air strikes

Doctors Without Borders Pulls Out of Northern Yemen Due to US-Backed Bombing Campaign

SannaMarketplace

Yesterday, Doctors Without Borders, commonly known by its French name Medecins Sans Frontieres (MSF), evacuated its staff from six hospitals in northern Yemen in response to the August 15 bombing by the U.S.-backed Saudi-led coalition of an MSF facility in Yemen’s Hajjah governorate earlier this week that killed 19 people and injured 24.

Since peace talks between Houthi rebels and the Saudi coalition collapsed on August 6, the coalition has resumed and apparently doubled down on a strategy of bombing civilian targets. On August 7, 18 civilians were killed in a coalition bombing of a marketplace in Yemen’s Nehm district. According to Mr. Othari, one of the injured who lost his son in the attack, “They targeted only civilians… There wasn’t a single gunman or military vehicle around.” On August 9, the coalition bombed a potato chip factory in the Yemeni capital of Sanaa, killing 14 civilians. The day after the bombing of the MSF-supported Abs hospital, coalition airstrikes in a residential area of Sanaa hit a family’s home, killing 17 civilians, mostly women and children. According to a New York Times report of the attack, “Shayef Muhsin Asem, who lived in the house but was out at the time of the attack, said that after the house was bombed, family members rushed in to try to rescue survivors when a second airstrike hit.”

Since March 2015, coalition warplanes have decimated Yemen’s civilian infrastructure, repeatedly bombing schools, hospitals, marketplaces, and refugee camps at a rate that suggests either gross negligence, or more likely an intentional strategy of targeting civilian infrastructure. Monday’s bombing of the MSF supported Abs hospital was the fourth bombing of an MSF supported facility since the war began, despite MSF having provided the exact GPS coordinates of its operations to the coalition in hopes of avoiding such massacres.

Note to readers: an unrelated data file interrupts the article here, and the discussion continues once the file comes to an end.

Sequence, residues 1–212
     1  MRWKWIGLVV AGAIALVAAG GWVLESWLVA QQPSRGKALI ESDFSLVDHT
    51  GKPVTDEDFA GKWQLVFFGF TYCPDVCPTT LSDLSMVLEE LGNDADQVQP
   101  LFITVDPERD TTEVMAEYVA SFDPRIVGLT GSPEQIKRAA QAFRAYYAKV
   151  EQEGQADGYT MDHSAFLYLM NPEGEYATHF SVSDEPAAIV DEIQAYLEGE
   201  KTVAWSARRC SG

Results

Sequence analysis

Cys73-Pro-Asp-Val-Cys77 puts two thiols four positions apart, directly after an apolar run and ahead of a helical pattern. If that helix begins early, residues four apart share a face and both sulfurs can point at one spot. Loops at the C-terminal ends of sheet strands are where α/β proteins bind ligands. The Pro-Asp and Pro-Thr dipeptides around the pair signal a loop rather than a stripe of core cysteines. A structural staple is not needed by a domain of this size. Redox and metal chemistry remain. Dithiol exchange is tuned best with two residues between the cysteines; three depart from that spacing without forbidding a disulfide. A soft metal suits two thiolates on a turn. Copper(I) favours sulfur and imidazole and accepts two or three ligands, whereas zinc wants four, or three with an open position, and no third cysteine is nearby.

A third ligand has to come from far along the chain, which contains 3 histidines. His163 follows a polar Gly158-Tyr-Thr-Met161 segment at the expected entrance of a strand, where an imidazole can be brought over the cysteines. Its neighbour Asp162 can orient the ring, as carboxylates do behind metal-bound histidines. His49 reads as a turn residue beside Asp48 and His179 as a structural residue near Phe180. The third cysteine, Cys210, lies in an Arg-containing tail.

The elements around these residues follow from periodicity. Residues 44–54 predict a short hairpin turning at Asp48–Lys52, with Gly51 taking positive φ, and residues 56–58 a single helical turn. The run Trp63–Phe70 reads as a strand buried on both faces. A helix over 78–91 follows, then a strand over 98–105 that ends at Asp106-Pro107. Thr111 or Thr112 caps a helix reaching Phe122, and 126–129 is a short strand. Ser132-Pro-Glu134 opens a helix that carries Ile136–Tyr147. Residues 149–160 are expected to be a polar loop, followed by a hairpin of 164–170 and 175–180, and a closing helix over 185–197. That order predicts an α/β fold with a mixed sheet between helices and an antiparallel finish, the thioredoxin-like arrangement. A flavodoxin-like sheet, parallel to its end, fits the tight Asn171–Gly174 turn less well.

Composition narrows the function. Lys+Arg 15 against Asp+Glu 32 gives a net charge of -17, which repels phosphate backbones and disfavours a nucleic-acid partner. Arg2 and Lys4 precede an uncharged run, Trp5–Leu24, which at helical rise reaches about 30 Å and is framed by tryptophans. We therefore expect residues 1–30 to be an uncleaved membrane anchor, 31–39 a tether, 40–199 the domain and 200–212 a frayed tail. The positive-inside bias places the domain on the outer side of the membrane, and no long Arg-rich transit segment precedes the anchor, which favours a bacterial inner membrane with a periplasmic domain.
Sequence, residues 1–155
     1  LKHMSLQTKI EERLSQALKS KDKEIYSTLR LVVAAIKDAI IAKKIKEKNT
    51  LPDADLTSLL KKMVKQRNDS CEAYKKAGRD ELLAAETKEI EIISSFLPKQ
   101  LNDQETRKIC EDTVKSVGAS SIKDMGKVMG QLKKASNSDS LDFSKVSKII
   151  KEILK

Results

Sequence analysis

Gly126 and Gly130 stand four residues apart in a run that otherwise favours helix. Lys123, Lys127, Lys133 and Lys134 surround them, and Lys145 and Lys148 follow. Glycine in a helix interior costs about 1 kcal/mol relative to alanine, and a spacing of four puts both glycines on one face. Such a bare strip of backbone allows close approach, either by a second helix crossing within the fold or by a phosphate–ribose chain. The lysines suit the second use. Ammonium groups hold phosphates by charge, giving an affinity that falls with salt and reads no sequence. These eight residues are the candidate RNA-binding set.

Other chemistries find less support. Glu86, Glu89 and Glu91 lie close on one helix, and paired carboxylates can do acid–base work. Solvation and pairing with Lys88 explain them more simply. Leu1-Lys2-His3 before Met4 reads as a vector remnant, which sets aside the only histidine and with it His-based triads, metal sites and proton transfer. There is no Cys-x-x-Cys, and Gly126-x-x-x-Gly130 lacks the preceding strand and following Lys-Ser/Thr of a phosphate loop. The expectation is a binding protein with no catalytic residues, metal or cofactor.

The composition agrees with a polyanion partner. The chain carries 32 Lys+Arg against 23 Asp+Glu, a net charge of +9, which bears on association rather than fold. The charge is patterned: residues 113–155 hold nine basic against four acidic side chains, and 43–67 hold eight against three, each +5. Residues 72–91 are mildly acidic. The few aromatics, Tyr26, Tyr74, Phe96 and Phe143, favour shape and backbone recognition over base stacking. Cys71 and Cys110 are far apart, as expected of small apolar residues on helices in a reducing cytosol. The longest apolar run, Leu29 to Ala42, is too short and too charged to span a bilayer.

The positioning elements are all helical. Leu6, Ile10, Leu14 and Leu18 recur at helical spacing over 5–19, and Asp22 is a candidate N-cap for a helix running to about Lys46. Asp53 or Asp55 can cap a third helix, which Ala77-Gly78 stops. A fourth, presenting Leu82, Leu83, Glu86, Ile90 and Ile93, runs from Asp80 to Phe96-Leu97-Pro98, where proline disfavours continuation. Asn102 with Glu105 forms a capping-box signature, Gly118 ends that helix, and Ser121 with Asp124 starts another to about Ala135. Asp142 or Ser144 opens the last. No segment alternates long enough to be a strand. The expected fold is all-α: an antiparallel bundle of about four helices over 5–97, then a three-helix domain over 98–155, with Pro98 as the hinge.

Disturbingly, the bombings of MSF supported hospitals represent a small fraction of the total number of hospitals targeted by the coalition since the war began. In June, a UN report added the Saudi coalition to a blacklist of child rights abusers after finding that the coalition was responsible for 60 percent of the child casualties in the war, and roughly half of the 101 verified attacks on schools and hospitals.

Under President Obama, the U.S. has sold $110 billion worth of arms to Saudi Arabia, over $20 billion of which was approved since the war began in March 2015. On August 9, the same day coalition bombs – quite possibly made in and sold by the U.S. – blew up a potato chip factory and killed 14 innocent people, the Pentagon announced that the State Department had approved the sale of another $1.15 billion worth of weapons to Saudi Arabia.

After the State Department approves an arms sale, Congress has 30 days to review it before it goes through. Senators Chris Murphy (D-CT) and Rand Paul (R-KY) and Representative Ted Lieu (D-CA) have championed opposition to U.S. support for Saudi Arabia’s catastrophic intervention in Yemen and continue to do so as they push for a vote on whether or not to allow this arms sale to proceed. The rest of Congress would be wise to join them in opposition to this sale and opposition to all U.S. support for the intervention. Until they do, Yemeni civilians will continue to die with the tacit approval of our elected officials.

Please immediately call your Representative and Senators and ask them to oppose U.S. support for the war in Yemen including arms sales to Saudi Arabia. The Capitol switchboard is (202) 224-3121.

2 replies »

  1. Why should our Representatives and Senators move to protect DWB when they allowed/facilitated/and justified their abandonment of an American citizen, Kayla Meuller. We all know that ISIS is populated by evil animals, but none expected that DWB similarly lacked humanity, charity, compassion, and any “moral responsibility” (quoted from a DWB official). We expect depravity from ISIS, but from DWB, that’s a surprise.

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